Q. Is farming in your DNA?
A. Absolutely. I call myself a third-generation farmer, but when I traced my family lineage in Norway as far back as I could, we’re something like the 15th generation of farmers. As I like to point out, everyone has a farmer in his or her family tree. You only have to go back about four generations to find someone farming in the family in some shape or form.
Q. What appeals to you most about working the land?
A. I love being able to go out in my own backyard to see the ladies [cows]. It’s just my dog and I, and we look after the ladies and produce quality food for people that I feel good about. It’s gorgeous out here. The animals are lovely. Milk is healthy. It’s a good life.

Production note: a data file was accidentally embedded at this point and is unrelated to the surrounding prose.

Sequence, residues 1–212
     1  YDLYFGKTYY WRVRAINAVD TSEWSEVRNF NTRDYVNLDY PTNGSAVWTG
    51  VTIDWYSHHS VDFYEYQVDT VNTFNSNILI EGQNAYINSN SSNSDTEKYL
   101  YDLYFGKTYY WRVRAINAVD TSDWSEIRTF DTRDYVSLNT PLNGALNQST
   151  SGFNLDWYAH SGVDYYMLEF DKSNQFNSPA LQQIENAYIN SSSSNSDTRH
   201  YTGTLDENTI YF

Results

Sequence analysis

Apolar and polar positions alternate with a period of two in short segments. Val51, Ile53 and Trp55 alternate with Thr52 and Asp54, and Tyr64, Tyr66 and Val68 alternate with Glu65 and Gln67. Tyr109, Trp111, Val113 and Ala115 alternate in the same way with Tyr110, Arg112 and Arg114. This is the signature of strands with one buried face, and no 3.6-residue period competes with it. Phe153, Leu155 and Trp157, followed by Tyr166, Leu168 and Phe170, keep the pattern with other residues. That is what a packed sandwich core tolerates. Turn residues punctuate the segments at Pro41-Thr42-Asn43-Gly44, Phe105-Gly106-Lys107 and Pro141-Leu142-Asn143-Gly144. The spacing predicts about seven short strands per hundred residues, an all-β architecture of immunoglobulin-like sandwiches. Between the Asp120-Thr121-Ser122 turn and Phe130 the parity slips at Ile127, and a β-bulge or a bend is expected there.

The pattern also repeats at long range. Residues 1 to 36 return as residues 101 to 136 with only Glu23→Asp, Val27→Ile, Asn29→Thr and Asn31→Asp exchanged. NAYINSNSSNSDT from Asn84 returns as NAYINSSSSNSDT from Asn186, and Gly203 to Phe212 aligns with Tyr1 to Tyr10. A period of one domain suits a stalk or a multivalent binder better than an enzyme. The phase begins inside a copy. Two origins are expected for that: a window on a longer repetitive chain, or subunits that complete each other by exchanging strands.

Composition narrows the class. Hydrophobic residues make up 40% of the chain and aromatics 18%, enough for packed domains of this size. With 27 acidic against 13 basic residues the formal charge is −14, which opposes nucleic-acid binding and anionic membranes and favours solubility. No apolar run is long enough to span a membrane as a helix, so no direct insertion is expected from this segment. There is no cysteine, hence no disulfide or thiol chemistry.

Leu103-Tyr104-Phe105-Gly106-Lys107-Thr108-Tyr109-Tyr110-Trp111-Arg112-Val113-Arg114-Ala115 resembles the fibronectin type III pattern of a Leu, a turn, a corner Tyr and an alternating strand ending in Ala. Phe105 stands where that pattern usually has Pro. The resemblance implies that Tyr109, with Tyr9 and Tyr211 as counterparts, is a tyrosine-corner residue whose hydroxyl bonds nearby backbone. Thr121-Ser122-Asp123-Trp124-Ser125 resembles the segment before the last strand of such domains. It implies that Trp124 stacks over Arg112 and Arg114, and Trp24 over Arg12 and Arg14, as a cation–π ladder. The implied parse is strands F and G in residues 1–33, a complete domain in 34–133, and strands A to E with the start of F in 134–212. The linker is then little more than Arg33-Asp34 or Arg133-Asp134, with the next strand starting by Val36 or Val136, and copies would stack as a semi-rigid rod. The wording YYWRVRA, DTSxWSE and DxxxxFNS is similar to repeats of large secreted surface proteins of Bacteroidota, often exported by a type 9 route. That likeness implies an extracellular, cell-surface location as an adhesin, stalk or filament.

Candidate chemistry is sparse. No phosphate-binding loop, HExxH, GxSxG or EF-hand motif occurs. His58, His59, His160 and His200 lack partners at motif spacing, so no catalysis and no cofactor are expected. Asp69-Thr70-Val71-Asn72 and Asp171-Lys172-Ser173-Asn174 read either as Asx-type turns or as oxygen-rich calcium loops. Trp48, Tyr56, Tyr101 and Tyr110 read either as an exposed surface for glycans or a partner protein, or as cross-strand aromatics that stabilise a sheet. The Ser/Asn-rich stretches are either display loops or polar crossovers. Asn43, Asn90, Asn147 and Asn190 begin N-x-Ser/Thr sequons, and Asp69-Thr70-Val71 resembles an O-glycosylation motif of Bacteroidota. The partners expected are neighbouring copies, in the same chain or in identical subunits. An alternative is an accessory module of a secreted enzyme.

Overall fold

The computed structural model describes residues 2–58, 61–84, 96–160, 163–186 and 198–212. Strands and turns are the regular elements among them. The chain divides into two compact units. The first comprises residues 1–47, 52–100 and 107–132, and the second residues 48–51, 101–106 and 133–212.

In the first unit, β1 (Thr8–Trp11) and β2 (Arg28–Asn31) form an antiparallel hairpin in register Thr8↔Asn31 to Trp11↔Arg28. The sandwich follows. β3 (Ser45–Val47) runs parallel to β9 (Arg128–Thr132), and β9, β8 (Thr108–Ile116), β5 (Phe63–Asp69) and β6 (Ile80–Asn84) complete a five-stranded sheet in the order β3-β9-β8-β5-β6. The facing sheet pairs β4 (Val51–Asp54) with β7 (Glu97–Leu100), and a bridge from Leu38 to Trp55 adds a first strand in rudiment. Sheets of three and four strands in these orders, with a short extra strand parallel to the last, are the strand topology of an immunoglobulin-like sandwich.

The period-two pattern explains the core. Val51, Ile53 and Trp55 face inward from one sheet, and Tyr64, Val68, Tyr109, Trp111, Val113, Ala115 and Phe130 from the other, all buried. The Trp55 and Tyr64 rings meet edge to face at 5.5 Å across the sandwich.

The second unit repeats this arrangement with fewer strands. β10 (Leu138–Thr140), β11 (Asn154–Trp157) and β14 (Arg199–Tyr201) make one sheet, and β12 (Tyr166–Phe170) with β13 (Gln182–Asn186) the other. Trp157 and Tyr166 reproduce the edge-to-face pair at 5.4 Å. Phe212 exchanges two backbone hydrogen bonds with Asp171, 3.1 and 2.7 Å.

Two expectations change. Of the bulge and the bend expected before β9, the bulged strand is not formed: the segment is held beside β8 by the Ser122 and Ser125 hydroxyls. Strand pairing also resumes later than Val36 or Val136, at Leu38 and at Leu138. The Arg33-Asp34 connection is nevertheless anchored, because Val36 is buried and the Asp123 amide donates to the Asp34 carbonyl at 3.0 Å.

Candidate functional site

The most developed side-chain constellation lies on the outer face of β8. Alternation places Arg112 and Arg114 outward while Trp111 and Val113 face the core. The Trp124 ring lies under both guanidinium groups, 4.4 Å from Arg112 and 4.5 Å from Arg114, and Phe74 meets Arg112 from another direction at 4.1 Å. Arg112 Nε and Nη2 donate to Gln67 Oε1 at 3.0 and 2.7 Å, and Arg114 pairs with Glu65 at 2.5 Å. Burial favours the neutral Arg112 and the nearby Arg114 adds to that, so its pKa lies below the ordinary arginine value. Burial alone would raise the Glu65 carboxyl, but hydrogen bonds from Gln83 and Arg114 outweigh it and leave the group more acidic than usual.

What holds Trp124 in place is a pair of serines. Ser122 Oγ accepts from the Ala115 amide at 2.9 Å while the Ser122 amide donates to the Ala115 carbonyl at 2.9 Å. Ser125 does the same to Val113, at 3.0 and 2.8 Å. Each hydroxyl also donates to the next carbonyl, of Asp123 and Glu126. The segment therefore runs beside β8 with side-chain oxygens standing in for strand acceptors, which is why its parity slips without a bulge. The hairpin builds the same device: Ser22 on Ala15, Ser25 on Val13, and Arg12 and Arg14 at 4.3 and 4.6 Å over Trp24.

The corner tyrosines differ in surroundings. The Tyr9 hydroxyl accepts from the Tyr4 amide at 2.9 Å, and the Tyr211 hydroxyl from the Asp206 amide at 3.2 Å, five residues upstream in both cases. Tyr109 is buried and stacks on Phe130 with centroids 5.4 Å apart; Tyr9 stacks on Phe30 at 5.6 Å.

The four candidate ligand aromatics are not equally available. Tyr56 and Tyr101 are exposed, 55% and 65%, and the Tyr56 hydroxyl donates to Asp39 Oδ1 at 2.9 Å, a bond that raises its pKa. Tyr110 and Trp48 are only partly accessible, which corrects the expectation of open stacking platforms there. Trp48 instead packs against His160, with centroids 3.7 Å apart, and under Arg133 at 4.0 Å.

Q. Can you describe your company, Farmgirl at Large?
A. It’s a very small-scale operation: I generally have 10-20 pigs at a time, 75-100 chickens at a time, and about three beef cattle a year. I wanted to do something that was an offshoot of the existing farm business, but under my own steam. I like the synergies of the business. The pigs drink the waste milk. The chickens roam and pick up bugs that enhance their flavor and help the cows. The bulls, which are grass-fed, produce incredibly lean meat, and catch the ladies we might have missed through A.I. [artificial insemination]. So it’s very much a business that complements and diversifies the existing farm.
Q. Why did you start a website with the same name?